The Broadcast debuts long-awaited album From the Horizon

THERE FOR YOU: The Broadcast is well aware of music's power to create community and healing. "We do what we do for other people," says vocalist and songwriter Caitlin Krisko, "so they can discover themselves through an artistic platform." Photo by Betsi Ewing Studios

Three decades from now, a documentary filmmaker in search of her next rockumentary will come across The Broadcast and realize she’s hit pay dirt. The story of the local rock and soul outfit not only comes with its own high-octane soundtrack, it hits on all the key points: Challenges are overcome, miles are logged, performances are slain and an oft-jaded music industry is enticed. There’s dancing. There’s a love story.

There’s even a humble beginning. “When I have doubts, I think about the sacrifices my mom made,” says frontwoman Caitlin Krisko, whose giant voice and creative vision drives The Broadcast. Krisko’s mom, a single parent, moved them from Detroit to New York City in a matter of weeks when Krisko auditioned for and won a place at the Professional Performing Arts School. The vocalist grew up around her father’s extensive classic rock collection but thought she was headed for a Broadway career until, in college at the Circle in the Square Arts Conservatory, a teacher asked if she’d ever thought about being in a band. It was prophetic. The Broadcast launches its latest album, From the Horizon, at The Grey Eagle on Saturday, June 11.

“When we moved to Asheville, we were so green,” says Krisko. “We had no experience with touring.” The group — no longer content in a rapidly changing New York City — had moved to Western North Carolina to take its career to the next level. Touring was at the top of the to-do list. And, though they were soon embraced by the local music-listening community, playing stages like Downtown After 5 to enthusiastic crowds, “Everyone [in the band] had a different experience with the move,” says Krisko.

By 2014, shifts in personnel and objective led to some serious soul-searching. It was around that time that Krisko’s relationship with guitarist Aaron Austin — who joined the band after the original Broadcast guitarist was hired to tour with Enrique Iglesias — evolved into a romance. Despite being from vastly different backgrounds — Austin grew up in the farmland near the Outer Banks — they began co-writing and found a natural partnership. There’s a hint of that in From the Horizon: “As we drive down the highway / and we move around the sun / like the ones who came before you and me / it’s alright, it’s a passage / from a story that’s a classic / and I’m glad you’re sharing it with me,” Krisko sings on the funk-fueled “Double Down.” Even if the songs are fictional rather than autobiographical, the band’s joy is palpable.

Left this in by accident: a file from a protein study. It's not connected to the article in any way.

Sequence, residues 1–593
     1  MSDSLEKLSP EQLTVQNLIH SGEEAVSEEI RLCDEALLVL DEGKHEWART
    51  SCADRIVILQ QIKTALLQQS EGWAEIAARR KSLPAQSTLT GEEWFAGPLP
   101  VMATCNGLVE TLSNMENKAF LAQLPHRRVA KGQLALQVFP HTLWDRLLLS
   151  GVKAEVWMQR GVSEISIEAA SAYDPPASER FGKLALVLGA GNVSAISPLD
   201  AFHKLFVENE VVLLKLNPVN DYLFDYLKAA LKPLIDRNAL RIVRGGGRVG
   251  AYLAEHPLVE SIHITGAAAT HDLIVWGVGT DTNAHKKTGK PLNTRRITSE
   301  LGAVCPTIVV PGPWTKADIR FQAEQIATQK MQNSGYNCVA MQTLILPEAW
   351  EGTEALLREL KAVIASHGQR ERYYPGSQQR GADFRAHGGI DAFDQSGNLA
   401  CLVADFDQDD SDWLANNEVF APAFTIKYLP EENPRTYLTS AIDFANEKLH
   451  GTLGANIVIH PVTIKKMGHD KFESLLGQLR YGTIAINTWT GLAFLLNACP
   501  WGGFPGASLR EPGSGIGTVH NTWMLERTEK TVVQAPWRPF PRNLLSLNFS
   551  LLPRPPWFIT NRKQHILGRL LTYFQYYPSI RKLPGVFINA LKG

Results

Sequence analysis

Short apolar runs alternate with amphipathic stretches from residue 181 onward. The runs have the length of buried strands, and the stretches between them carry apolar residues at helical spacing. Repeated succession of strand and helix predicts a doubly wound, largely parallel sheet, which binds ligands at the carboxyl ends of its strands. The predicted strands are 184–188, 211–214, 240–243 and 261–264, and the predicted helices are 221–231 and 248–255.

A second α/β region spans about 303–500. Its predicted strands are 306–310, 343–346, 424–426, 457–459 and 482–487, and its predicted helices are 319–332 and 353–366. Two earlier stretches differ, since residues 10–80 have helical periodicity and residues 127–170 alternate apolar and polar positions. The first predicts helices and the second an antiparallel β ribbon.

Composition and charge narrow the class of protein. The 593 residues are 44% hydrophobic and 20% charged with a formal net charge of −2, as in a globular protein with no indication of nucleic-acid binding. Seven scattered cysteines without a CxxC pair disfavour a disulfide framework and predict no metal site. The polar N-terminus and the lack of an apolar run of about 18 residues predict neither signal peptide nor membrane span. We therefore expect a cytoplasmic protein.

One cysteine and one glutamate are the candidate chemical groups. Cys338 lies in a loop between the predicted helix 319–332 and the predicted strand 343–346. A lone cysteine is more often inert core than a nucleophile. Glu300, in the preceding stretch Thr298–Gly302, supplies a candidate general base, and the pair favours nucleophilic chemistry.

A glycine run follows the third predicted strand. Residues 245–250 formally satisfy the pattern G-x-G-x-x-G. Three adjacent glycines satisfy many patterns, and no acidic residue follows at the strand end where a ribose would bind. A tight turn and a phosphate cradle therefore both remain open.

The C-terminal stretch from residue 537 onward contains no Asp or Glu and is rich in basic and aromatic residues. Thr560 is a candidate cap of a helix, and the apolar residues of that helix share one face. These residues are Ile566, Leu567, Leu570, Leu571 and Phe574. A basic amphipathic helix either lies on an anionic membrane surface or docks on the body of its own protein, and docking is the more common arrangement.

“That was a turning point for the Broadcast’s sound,” says Krisko. “That was when we decided we needed to make a record, and we started scouting different studios and producers.” The group (including E’Lon Jordan-Dunlap on bass, Tyler Housholder on percussion and Jaze Uries on drums) decided to “supershoot for the stars,” as Krisko puts it, and delved into their favorite albums featuring strong female vocalists. Tedeschi Trucks Band, Grace Potter and the Nocturnals and Dixie Chicks all had at least one thing in common — producer Jim Scott.

An email sent to Scott’s manager came back with the surprising response: “I will make time for this record,” he told The Broadcast. “But we need to do this the right way.” Krisko and her fellow musicians set about crafting their strongest material to date (Glen Frey was a major influence), whittling 17 or 18 songs down to 11.

“I was literally finishing the lyrics to one song when we were in the studio recording it,” Krisko says. “We really wanted to be concise with what we said on the album.” While the band road-tested songs before committing them to previous albums, From the Horizon is a clean slate, in a way. Its tracks are mostly previously unheard by listeners. From the come-out-swinging intro, “Steamroller,” and the rocking Americana of “On the Edge,” to the expansive, organ-driven “Battle Cry” and the sweeping, aching “Electric Light,” all showcase the range of The Broadcast’s abilities. No longer an amped-up bar band belting swaggering covers, this iteration of the Broadcast is as powerful as ever but delivers listeners through an array of emotions and landscapes.

While an advance copy of From the Horizon was offered as an incentive to donate to the band’s successful Kickstarter campaign, that didn’t go quite as planned. Positive response to the album led to publicity and distribution deals (plus the group was named Band Ambassador by Asheville’s Convention & Visitor’s Bureau) — major scores for The Broadcast, but their patient fans had to wait just a little bit longer for the finished product.

Luckily, Asheville gets a first listen, with the band’s launch and extensive tour (including a date in Belgium, and more European shows to come) starting, fittingly, from The Broadcast’s adopted hometown.

WHAT: The Broadcast album release show with The Monbacks
WHERE: The Grey Eagle, 185 Clingman Ave., thegreyeagle.com
WHEN: Saturday, June 11, 9 p.m. $10 advance/$12 day of show

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About Alli Marshall
Alli Marshall is the arts section editor at Mountain Xpress. She's lived in Asheville for more than 20 years and loves live music, visual art, fiction and friendly dogs. Alli is the winner of the 2016 Thomas Wolfe Fiction Prize and the author of the novel "How to Talk to Rockstars," published by Logosophia Books. Follow me @alli_marshall

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